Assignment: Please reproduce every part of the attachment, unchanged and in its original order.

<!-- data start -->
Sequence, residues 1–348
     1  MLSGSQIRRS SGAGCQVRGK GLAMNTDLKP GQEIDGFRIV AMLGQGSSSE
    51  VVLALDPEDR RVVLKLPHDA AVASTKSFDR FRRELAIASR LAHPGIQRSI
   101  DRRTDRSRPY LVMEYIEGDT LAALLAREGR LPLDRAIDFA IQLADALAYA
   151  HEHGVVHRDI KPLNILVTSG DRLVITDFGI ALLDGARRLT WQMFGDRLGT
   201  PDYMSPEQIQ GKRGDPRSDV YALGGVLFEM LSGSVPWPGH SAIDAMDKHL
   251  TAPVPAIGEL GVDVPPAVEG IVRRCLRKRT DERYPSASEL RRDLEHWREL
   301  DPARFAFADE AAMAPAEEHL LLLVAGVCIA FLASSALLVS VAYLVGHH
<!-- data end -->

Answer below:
Sequence, residues 1–348
     1  MLSGSQIRRS SGAGCQVRGK GLAMNTDLKP GQEIDGFRIV AMLGQGSSSE
    51  VVLALDPEDR RVVLKLPHDA AVASTKSFDR FRRELAIASR LAHPGIQRSI
   101  DRRTDRSRPY LVMEYIEGDT LAALLAREGR LPLDRAIDFA IQLADALAYA
   151  HEHGVVHRDI KPLNILVTSG DRLVITDFGI ALLDGARRLT WQMFGDRLGT
   201  PDYMSPEQIQ GKRGDPRSDV YALGGVLFEM LSGSVPWPGH SAIDAMDKHL
   251  TAPVPAIGEL GVDVPPAVEG IVRRCLRKRT DERYPSASEL RRDLEHWREL
   301  DPARFAFADE AAMAPAEEHL LLLVAGVCIA FLASSALLVS VAYLVGHH